Hi Claire. I loved your post. And I have enormous admiration for SAHMs. Honestly I couldn’t do it full time. Hardest job in the world. But you’re right, sometimes it seems like we cannot win! Except when we stand up for what we believe in and recognise the diversity of our experiences as well as the commonality – we are all just trying to not to screw this up (pardon the language but it seemed apt!) x
Hello Heather, I hope all is going well with the PhD. I still struggle with the problem of maintaining the “research output” balanced with my personal and family needs. But I was going to say that having a baby in the middle of a PhD is certainly not impossible to manage (I went on my second maternity leave at 9 months FTE, just after confirmation!!) There really doesn’t seem to be the “perfect time” to have babies I hope you never have to tame that career dragon of yours, long may it breathe fire! You may just have to put it on a rein every now and then… On a positive note, there has been a move towards institutions in Australia recognising “career disruption” in academic careers, so at least there is some recognition of how our output should be assessed “relative to opportunity” (I love that term). All the best with the PhD.
Hi Liz! I don’t know how come I didn’t reply to your comment earlier. I read an article today that said the same thing i.e. embrace the negative emotions. I’ve been trying to sit with those and just accept them, and also try to break away from the “scarcity” paradigm. Thanks for reading xx
Thank you for taking the time (and having the courage) to reply. Perhaps it is not really in challenging yourself that you will find peace, but in accepting yourself no matter what happens? I’ve found this concept to be more helpful. Personally, my Impostor syndrome arises from a deep seated fear of rejecting myself if I fail. Accepting that everyone fails sometimes, and that that’s ok, accepting that I am still worthy of love and belonging no matter what I do or don’t do, is the way forward for me. It puts things into perspective for me. I hope that helps. I am by no means an expert in the way out, but I have been here for a very very long time and I feel as thought “Impostor Syndrome” was created just for me.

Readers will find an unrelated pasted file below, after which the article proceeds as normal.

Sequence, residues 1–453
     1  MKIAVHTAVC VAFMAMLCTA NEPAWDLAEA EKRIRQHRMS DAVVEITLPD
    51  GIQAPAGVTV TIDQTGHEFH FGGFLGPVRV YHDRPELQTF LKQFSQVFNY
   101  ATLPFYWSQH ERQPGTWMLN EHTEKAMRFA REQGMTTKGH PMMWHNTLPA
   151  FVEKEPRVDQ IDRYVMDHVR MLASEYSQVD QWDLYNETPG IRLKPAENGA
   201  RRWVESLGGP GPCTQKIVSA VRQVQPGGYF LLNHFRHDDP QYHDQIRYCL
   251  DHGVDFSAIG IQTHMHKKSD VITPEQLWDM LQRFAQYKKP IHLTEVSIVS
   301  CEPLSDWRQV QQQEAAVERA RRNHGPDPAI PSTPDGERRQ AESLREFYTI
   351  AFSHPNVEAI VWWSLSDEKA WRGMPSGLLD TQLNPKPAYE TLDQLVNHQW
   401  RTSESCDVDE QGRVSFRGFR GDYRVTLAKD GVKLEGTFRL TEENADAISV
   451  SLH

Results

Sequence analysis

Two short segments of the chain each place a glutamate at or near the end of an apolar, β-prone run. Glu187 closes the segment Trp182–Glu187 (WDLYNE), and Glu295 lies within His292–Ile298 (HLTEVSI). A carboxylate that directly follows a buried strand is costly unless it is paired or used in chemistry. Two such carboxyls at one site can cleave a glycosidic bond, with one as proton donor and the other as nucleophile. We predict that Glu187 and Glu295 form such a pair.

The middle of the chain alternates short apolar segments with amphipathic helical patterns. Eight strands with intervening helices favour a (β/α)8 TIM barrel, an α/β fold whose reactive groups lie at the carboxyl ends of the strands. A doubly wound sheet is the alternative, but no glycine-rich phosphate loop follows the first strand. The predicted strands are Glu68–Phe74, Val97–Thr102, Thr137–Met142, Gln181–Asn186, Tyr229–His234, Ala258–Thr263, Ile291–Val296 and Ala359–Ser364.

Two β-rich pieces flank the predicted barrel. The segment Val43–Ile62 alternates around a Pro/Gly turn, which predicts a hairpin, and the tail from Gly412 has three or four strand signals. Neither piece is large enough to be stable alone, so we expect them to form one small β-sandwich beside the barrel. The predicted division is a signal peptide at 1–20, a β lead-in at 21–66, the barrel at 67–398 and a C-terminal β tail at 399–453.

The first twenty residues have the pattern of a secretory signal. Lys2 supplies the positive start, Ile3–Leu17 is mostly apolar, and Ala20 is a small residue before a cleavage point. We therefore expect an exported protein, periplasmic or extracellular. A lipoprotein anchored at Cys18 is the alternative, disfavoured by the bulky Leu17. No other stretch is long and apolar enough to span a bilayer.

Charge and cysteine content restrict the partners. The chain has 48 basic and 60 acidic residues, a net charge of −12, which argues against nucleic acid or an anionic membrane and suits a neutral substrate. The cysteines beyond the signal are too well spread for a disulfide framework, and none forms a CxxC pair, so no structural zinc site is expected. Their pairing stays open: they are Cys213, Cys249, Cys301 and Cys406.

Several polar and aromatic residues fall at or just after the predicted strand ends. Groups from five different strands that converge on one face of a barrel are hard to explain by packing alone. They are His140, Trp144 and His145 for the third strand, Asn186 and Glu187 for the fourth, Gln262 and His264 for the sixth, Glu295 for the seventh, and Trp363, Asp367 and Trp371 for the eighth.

Thank you for sharing. This sounds like a very difficult thing for you to come to realise, and a very very important thing for you to want in 2015. I hope that 2015 brings you love and forgiveness. It is a very hard thing becoming parents and maintaining a marriage or partnership. Very difficult. All the best!! x
Hello Lorena! Thank you very much for your comment, and for the beautiful story about time… Such aching truth in that, and yet, I forget it constantly! SO thank you for the reminder… As for being a better mother… I have no doubt you are already an excellent mother. because you are making this your priority for 2015!! I wish you everything you need to be more patient and also the peace and strength to know that you are already good enough. But we can always strive to be better for sure! All the best for 2015 and thanks for following. x
Well hello Deborah!! Such a pleasure to “meet” you – I feel a very similar sense of SNAP! We seem to almost be living parallel lives although sadly, despite being 2 years into my PhD as well, I am nowhere near your impressive 77,000 words. I absolutely loved your post on work-family fulfilment and I have just started reading Crabb’s book and there is a LOT of head-nodding going on as I do! All the best for the last year of this wonderful PhD journey of ours. Mine has always been a meandering career path, interestingly – I’ve said “yes” to opportunities along the way and found myself in academia; now I am facing the prospect of committing to a career that is rather more linear than I am. Yet, I’ve had lots of different insights since spilling my guts on my post – including that my family need me but my career doesn’t. Lots of fascinating thoughts on that one, to be sure. Thanks for your comment and for your post x